The document says a Catholic university has “the same functions as all other true universities” while at the same time possessing “distinctive characteristics” — especially, those associated with being “an institution, a community of learners or a community of scholars, in which Catholicism is perceptibly present and effectively operative.”
Land O’Lakes was widely welcomed in Catholic higher education circles as a call for change.
Many schools moved rapidly to incorporate separately from the religious orders that had established them and to establish lay-majority governing boards. Faculty hiring policies were changed, curricula were revised and new, more relaxed rules were adopted on lifestyle issues like alcohol and dormitory life.
On many Catholic campuses, academic freedom replaced fidelity to the magisterium as the reigning watchword. Faculty members at Catholic institutions were prominent in dissenting from Pope Paul VI’s encyclical Humanae Vitae, which reaffirmed the Church’s traditional prohibition on contraception, a document that appeared in 1968, just a year after Land O’Lakes.
New era, new problems
By then the statement already had critics. They pointed out that the ideal it proposes — “a true autonomy and academic freedom in the face of authority of whatever kind” — was, among other things, unrealistic since their schools, like others, were necessarily accountable to external authorities that included accrediting agencies and federal, state and local governments. Declaring themselves wholly independent of the authority of the Church alone was a strangely selective move for institutions that still wished to be considered Catholic.
In 1990, Pope St. John Paul II, himself a former university professor in Poland, issued a document titled Ex Corde Ecclesiae (“From the Heart of the Church”), setting out his view of the relationship of Catholic universities to the Church.
Like Land O’Lakes, the pope’s document affirmed institutional autonomy and academic freedom but with a significant condition: “so long as the rights of the individual person and of the community are preserved within the confines of the truth and the common good.”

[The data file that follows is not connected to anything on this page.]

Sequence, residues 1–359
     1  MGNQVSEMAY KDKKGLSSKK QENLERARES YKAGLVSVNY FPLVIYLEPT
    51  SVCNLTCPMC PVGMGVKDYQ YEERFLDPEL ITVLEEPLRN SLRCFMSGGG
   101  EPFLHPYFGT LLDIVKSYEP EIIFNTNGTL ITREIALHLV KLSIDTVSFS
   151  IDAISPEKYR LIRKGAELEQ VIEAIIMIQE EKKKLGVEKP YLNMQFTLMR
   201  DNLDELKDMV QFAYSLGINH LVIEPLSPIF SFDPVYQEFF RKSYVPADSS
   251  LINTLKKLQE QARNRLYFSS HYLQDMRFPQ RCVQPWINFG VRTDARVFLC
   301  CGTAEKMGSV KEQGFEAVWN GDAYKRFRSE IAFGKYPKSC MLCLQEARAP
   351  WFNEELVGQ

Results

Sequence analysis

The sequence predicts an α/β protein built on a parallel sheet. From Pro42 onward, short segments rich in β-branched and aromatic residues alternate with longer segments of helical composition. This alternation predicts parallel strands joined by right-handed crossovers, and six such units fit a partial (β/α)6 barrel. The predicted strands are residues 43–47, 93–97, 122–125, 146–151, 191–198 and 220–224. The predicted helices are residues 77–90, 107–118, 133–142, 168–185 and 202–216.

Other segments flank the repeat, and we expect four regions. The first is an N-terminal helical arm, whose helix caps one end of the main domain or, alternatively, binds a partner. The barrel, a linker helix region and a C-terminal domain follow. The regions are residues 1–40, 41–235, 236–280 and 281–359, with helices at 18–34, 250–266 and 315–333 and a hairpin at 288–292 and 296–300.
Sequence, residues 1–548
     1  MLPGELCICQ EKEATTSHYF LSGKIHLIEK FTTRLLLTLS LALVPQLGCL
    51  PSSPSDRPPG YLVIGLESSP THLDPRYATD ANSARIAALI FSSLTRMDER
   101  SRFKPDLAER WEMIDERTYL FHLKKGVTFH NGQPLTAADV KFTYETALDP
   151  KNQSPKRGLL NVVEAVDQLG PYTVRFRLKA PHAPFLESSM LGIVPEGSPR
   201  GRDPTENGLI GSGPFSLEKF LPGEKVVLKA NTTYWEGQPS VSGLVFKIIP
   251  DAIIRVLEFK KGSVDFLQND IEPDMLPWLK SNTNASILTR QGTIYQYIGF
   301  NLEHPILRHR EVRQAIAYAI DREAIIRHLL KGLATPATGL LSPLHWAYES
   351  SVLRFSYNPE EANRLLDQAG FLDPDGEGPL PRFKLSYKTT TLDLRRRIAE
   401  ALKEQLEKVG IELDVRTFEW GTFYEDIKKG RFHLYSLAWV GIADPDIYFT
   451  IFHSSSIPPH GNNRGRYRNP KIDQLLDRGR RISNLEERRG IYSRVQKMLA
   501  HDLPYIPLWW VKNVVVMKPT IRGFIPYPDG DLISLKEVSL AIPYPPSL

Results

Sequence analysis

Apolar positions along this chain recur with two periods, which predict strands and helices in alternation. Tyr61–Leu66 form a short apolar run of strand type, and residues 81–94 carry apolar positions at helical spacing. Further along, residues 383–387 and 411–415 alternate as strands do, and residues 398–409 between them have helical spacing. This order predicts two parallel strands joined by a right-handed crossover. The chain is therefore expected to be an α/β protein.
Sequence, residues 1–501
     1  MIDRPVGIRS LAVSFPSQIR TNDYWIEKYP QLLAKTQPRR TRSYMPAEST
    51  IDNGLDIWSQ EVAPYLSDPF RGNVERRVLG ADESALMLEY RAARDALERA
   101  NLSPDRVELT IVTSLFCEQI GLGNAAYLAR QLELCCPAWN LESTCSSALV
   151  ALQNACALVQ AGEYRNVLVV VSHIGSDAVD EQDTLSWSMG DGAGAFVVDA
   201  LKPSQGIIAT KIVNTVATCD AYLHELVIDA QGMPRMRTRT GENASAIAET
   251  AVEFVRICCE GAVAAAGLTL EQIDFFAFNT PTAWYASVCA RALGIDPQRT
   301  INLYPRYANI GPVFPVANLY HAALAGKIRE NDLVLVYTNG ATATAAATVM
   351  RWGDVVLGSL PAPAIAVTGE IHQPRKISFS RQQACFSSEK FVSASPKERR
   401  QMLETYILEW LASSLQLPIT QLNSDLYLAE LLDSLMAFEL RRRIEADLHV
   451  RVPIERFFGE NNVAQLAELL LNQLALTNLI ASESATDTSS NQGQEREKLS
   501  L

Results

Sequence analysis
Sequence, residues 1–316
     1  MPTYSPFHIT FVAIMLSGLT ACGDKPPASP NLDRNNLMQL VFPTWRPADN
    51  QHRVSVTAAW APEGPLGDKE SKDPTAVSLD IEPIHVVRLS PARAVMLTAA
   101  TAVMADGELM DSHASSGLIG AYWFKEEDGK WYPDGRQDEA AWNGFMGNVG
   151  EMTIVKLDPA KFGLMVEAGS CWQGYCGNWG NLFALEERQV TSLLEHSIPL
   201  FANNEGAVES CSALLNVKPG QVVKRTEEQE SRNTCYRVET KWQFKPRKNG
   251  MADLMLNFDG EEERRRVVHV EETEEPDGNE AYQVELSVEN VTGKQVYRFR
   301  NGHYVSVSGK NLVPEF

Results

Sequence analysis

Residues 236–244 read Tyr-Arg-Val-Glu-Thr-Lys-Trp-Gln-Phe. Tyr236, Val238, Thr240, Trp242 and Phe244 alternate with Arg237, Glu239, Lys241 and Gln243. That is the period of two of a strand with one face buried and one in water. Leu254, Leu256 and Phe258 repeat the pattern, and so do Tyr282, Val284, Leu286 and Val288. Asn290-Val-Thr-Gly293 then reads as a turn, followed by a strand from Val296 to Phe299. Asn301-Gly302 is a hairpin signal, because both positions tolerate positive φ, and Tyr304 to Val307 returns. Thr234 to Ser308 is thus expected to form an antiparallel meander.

Pope John Paul identified four “essential characteristics” of a genuinely Catholic school: the “Christian inspiration” of individuals and the institution itself; reflection on the body of human knowledge in light of faith; “fidelity to the Christian message as it comes to us through the Church”; and service to the Church and the community. After 10 years of trying, the U.S. bishops eventually adopted their own document implementing Ex Corde Ecclesiae and received Vatican approval for it.
A decade after that, the U.S. Conference of Catholic Bishops called on its members to meet with presidents of Catholic colleges and universities and assess the situation as it then stood. Many apparently did.
These days the bishops and the schools generally take a live-and-let-live approach, although with occasional flareups over commencement speakers and honorary degree recipients — like Barack Obama at Notre Dame in 2009 — known for advocating legal support for abortion or other practices condemned by the Church. Hence, Catholic identity remains an issue.
In an OSV interview several years ago, John H. Garvey, president of CUA, said academic freedom on Catholic campuses was now secure.
“What we need to worry about,” Garvey added, “is, ‘Where’s the beef?’”
Russell Shaw is an OSV contributing editor.